Tower Hamlets Youth Sport Foundation (THSYF) and Clifford Chance have partnered up to launch their Rugby Academy.
The Clifford Chance Rugby Academy is currently running in 10 primary schools across the borough of Tower Hamlets, and is working to develop links with Millwall and Blackheath Rugby Clubs for the most talented children with extra training in holiday camps and support with the supply of equipment and transport to and from sessions.
Clifford Chance, the official law firm for the 2015 Rugby World Cup, has joined as the Tower Hamlets Youth Sport Foundation's partner for the Rugby Academy with volunteers attending each school session giving hands on support to Rugby Development Officer, Scott Vinnicombe.
At a training session at an East London school, THSYF announced details of the partnership whilst also unveiling Harlequins and England winger Marland Yarde as their Patron. Wing wizard Yarde joined the academy students for the launch and took part in the session, much to the children's delight.
The England international demonstrated his skills and inspired the children to work even harder in preparation for their Tag Rugby Tournament set for the Summer Term.
The Quins star clearly enjoyed training with and playing Tag Rugby with the youngsters. He said: "It's so important to nurture and look after the kids. They will shape our world tomorrow and it's vital that we positively engage and influence them today."
Yarde spoke about the THSYF and Clifford Chance partnership: "This is a massive project courtesy of Clifford Chance rugby academy.
"It's absolutely fantastic and the kids have been really getting into it today. Quite a good few running about here today are future stars and I've been shown up a couple of times here this afternoon with great levels impressive skill and trickery."
Yarde was a latecomer to the game and started to find his way in rugby whilst a teenager. "I started rugby pretty late, when I was thirteen or fourteen.
"These guys today (the children) obviously have had the privilege of learning rugby at an early age and have the culture ingrained in them as well.
"They are doing things the right way, by having fun and developing a love for the game. They are taking part in the physical part of the game, they're able to run around, play tag, express themselves. It's fantastic.
"I got in late but picked up the sport pretty quickly and was able to get selected into the London Irish academy, and it all sort of picked up from there really. It's a fantastic sport. It teaches you about values, it's just a quality sport to play and train for."
Football is the nation's number one sport and rugby in England is often more associated with public schoolboys and the elite. Yarde is asked as to how rugby can be made accessible to the general masses.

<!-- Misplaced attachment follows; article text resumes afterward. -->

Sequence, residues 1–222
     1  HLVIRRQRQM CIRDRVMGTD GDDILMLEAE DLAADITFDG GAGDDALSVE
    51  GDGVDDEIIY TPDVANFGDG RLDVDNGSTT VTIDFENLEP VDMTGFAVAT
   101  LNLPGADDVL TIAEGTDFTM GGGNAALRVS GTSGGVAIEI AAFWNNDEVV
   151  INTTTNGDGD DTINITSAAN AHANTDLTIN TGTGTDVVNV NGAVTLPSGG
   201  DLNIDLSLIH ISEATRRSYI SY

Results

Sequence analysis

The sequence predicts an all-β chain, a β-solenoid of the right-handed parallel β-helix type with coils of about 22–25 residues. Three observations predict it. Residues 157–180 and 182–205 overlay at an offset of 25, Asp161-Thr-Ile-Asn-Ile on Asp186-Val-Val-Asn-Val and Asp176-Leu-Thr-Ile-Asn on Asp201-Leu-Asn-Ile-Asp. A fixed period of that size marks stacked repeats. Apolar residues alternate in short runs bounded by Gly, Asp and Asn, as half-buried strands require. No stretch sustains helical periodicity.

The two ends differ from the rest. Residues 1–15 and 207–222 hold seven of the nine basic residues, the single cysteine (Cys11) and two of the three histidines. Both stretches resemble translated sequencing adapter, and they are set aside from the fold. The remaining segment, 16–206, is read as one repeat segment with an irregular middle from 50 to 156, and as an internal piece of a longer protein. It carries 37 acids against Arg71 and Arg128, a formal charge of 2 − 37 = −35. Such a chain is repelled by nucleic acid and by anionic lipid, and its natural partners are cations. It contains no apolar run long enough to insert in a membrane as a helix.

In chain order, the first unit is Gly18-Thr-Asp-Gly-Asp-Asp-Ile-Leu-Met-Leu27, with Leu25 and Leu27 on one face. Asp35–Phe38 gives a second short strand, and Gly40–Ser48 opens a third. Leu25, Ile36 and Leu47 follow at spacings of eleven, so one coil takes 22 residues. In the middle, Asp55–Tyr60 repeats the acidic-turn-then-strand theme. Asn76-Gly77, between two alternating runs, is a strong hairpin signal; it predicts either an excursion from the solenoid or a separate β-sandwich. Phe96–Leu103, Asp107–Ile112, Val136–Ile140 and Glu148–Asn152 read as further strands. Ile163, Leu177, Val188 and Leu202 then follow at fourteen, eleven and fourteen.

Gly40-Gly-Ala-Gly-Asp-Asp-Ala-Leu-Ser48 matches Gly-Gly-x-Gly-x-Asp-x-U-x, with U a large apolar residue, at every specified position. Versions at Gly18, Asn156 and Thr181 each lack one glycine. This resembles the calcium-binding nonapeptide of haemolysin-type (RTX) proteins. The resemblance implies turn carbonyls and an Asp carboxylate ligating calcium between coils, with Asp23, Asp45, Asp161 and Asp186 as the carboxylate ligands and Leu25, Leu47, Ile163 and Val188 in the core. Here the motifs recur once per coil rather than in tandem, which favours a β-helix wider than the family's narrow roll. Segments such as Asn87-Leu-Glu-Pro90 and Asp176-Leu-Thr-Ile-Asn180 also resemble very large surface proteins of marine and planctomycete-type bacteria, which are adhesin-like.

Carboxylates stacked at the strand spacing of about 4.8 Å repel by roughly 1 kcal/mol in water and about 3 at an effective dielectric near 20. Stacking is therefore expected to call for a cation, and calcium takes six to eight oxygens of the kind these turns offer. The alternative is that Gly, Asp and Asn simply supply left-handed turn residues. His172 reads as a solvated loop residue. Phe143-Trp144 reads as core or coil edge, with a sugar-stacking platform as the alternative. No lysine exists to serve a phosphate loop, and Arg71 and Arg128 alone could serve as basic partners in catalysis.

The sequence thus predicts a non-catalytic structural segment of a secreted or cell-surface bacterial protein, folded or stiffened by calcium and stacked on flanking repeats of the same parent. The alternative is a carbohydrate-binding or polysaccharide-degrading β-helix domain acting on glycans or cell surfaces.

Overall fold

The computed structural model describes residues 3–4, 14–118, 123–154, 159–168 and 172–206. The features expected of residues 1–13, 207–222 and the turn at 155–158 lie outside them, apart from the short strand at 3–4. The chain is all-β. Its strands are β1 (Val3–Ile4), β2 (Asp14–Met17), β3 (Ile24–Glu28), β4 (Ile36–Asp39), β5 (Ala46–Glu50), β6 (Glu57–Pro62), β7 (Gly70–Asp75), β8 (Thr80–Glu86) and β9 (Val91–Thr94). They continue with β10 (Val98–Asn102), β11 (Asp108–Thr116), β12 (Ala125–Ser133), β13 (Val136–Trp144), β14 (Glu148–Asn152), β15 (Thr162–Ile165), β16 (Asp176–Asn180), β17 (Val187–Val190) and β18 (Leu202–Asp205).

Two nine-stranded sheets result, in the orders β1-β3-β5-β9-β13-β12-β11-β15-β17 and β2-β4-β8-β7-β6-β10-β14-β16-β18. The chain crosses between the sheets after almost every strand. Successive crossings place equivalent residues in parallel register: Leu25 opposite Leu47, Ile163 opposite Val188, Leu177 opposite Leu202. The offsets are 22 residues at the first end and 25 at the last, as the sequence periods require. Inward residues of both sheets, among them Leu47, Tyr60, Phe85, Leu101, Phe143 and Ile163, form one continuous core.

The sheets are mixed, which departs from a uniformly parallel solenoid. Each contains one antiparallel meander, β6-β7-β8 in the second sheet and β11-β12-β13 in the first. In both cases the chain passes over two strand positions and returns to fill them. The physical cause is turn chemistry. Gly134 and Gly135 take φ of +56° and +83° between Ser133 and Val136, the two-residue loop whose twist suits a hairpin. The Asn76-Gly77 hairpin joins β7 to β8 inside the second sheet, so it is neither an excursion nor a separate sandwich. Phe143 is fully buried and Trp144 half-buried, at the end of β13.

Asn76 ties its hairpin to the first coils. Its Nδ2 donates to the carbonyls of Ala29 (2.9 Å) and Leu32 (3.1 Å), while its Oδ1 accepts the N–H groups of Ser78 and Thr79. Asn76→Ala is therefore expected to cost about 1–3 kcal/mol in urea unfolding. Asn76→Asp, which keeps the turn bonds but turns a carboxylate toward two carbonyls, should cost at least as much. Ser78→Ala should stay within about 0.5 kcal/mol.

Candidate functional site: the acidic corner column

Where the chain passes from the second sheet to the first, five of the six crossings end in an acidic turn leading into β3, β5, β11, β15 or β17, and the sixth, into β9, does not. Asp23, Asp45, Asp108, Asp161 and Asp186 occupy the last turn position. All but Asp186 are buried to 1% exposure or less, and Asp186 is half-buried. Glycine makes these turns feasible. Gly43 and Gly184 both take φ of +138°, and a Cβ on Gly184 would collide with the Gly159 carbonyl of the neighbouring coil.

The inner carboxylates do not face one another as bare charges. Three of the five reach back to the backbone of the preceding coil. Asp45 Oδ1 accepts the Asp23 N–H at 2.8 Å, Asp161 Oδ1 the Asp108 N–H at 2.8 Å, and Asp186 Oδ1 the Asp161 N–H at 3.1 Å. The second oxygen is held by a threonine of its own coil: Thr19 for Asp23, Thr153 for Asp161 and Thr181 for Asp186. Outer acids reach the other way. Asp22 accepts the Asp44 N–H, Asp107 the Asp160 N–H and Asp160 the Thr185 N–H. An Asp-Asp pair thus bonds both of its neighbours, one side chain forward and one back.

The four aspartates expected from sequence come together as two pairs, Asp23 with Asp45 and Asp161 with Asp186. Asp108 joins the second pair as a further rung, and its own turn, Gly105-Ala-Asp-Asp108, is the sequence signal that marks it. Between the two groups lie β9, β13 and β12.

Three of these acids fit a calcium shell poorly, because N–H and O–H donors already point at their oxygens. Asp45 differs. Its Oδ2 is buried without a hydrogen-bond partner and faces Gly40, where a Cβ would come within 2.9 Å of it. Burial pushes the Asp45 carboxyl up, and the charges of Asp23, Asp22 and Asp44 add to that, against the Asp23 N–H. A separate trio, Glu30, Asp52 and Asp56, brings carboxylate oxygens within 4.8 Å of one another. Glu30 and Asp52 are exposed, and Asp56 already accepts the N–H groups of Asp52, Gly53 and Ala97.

"Just getting people involved is the first step," he said. "Ours is a football dominated country and we need to get kids involved in the make up and fabric of our local clubs, getting them running and basically just enjoying it.
"We must teach them about the values of rugby and always let the enjoyment factor shine through as well.
"In this way you get a lot out of rugby, you're working hard and also make a lot of good mates along the way."
Yarde is excited about the future prospects of English rugby. He said: "We've really stepped up to the plate over the last two years, especially from the perspective of not only our attacking game but defensively as well.
"Obviously this is a hugely important year but England are providing the wow factor. Just look at last weekend's showdown with France. How many times will you get a chance to watch 10 tries in a game. It was phenomenal and hopefully a sign that things are clicking into gear at just the right time.
"It's a hugely important year what with the rugby World Cup in a few months time. As you can see from last weekend's contest against the French - the teams are beginning to whet the appetite and get the fans licking their lips in anticipation of a festival of rugby.
"It's brilliant. It's massive for the sport. Not just for the thousands in the stadiums but the millions behind them as well. It's shaping up to be a momentous year and one everyone is looking forward to with great excitement."
Yarde is not contemplating anything but English success at the World Cup. "England can do it in a World Cup year, I'd like to think we'll win, especially as we are playing at home and it's not often you get World Cups at home. It's a one in a million opportunity.
"The crowd are the 16th man and their support is quite capable of lifting the team to the greatest heights.
"There are some extraordinary teams and the likes of New Zealand and Australia will be coming over with all guns blazing. We need to keep our mettle, get out of our group and really kick on from there. Anything is possible."
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